EPA declines to regulate rocket fuel chemical tied to developmental damage
The Environmental Protection Agency (EPA) announced Thursday that it will not regulate a chemical used in rocket fuel that has been linked to developmental damage.
The agency said in a statement that the chemical, perchlorate, “does not meet the criteria for regulation as a drinking water contaminant” under the Safe Drinking Water Act.
The EPA has found that up to 620,000 people might be consuming water that has a perchlorate concentration higher than “levels of concern.”
It said in a draft final action that this number was too small to present a “meaningful opportunity for health risk reduction.”
“Today’s decision is built on science and local success stories and fulfills President Trump’s promise to pare back burdensome ‘one-size-fits-all’ overregulation for the American people,” EPA Administrator Andrew Wheeler said in a statement.
“State and local water systems are effectively and efficiently managing levels of perchlorate. Our state partners deserve credit for their leadership on protecting public health in their communities, not unnecessary federal intervention,” he added.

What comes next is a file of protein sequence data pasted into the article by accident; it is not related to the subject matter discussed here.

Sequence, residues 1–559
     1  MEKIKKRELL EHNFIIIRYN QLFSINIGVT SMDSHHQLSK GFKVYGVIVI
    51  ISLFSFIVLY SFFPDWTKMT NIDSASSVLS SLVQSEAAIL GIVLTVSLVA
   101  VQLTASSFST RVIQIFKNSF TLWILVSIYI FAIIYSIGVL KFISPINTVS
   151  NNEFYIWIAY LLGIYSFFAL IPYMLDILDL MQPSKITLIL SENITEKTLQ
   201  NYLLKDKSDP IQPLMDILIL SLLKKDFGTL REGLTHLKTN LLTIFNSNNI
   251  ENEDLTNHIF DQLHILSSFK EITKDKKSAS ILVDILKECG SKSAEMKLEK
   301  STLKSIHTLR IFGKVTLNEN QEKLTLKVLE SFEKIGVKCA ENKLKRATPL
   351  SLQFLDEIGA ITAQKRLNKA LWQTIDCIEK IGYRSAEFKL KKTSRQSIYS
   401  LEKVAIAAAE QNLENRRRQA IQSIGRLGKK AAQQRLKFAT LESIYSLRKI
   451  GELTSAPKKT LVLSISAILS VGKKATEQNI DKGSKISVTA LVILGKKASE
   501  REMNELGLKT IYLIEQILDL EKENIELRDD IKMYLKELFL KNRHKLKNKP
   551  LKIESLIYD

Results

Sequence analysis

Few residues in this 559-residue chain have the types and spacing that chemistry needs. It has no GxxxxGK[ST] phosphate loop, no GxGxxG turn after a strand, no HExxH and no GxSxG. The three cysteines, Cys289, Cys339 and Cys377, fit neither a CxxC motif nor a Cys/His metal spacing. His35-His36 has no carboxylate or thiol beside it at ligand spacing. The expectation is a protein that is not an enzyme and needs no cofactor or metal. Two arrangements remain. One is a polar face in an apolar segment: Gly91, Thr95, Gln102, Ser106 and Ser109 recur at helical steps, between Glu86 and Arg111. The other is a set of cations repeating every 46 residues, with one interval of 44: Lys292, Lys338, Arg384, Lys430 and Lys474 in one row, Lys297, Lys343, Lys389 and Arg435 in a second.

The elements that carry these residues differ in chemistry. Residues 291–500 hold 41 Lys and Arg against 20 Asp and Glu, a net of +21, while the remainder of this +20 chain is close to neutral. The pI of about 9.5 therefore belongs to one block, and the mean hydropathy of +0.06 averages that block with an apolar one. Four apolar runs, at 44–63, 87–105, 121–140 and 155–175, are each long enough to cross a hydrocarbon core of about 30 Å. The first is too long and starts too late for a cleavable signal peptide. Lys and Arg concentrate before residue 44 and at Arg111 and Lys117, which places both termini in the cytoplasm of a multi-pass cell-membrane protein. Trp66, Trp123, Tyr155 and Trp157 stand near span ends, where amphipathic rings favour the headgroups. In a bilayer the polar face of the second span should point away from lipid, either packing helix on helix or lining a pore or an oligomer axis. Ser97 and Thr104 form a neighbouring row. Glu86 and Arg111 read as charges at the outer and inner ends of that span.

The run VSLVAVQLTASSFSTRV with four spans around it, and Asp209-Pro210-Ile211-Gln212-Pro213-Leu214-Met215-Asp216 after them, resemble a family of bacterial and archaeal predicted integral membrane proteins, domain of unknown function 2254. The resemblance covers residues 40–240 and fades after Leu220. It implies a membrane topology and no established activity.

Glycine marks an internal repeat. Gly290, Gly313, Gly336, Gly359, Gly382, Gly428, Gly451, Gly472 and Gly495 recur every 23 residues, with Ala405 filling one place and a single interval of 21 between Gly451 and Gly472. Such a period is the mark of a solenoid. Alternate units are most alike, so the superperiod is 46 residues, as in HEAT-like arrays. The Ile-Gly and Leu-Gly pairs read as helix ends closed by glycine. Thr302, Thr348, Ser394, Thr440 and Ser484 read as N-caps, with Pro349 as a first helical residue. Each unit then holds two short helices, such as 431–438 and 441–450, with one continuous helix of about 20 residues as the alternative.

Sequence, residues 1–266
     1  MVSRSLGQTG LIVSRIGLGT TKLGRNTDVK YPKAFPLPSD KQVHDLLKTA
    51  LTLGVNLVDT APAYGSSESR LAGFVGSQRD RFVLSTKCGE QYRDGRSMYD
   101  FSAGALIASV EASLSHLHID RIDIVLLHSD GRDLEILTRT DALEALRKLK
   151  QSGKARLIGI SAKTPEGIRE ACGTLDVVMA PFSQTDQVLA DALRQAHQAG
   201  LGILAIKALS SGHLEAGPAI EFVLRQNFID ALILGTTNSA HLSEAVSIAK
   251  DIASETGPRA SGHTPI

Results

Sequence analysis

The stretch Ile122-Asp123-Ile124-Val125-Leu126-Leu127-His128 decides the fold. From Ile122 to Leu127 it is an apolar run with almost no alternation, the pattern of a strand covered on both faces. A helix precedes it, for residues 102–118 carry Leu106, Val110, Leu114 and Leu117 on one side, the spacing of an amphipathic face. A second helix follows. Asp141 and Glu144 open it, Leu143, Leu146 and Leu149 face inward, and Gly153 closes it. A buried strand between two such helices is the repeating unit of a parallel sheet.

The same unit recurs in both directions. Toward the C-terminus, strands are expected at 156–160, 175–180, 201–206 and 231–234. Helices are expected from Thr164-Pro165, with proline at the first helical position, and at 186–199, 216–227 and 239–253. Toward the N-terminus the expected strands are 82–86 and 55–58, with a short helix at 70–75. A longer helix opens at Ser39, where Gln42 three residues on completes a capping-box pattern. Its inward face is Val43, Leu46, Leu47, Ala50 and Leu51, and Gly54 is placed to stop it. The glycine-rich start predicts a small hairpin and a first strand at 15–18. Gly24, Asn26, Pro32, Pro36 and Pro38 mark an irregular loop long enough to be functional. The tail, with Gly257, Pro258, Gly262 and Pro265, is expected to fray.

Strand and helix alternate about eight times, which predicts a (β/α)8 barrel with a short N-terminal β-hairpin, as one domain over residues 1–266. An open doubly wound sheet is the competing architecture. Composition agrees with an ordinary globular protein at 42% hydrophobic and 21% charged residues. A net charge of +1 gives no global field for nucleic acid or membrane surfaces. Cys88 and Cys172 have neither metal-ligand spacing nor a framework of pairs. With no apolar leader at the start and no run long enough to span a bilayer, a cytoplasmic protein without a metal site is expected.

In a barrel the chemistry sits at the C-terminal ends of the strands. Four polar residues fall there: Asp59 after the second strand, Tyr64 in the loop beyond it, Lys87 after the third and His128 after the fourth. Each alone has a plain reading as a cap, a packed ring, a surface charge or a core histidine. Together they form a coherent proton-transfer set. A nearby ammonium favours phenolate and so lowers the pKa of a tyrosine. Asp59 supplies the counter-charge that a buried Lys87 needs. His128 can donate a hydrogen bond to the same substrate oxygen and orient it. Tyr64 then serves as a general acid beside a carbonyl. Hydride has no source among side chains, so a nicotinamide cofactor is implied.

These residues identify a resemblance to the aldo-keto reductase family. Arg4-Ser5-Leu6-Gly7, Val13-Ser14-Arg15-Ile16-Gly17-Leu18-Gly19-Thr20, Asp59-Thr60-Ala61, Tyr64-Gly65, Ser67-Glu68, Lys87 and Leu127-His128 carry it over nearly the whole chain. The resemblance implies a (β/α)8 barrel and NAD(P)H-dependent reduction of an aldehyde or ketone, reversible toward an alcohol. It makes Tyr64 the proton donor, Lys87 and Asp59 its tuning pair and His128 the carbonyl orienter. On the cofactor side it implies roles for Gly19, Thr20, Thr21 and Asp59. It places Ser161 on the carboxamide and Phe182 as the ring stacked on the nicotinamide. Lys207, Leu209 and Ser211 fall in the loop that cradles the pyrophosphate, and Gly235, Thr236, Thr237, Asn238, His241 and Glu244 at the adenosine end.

Agency documents have stated that exposure to perchlorate can cause issues with the thyroid gland, which is critical for growth and development of fetuses, babies and children.
Critics say Thursday’s move by the EPA defied a court-ordered consent decree requiring the administration regulate the chemical.
“Today’s decision is illegal, unscientific, and unconscionable,” said Erik Olson, senior strategic director for health at the Natural Resources Defense Council, in a statement.
“The Environmental Protection Agency is threatening the health of pregnant moms and young children with toxic chemicals in their drinking water at levels that literally can cause loss of IQ points. Is this what the Environmental Protection Agency has come to?” Olson added.
The New York Times previously reported that the agency wouldn’t regulate the substance.
Last year, the EPA proposed setting the maximum contaminant level of perchlorate at 56 parts per billion (ppb), significantly higher than the 15 ppb proposed under the Obama administration.
Some states have also set their own standards for perchlorate, with 6 ppb in California and 2 ppb in Massachusetts.
Updated at 11:20 a.m.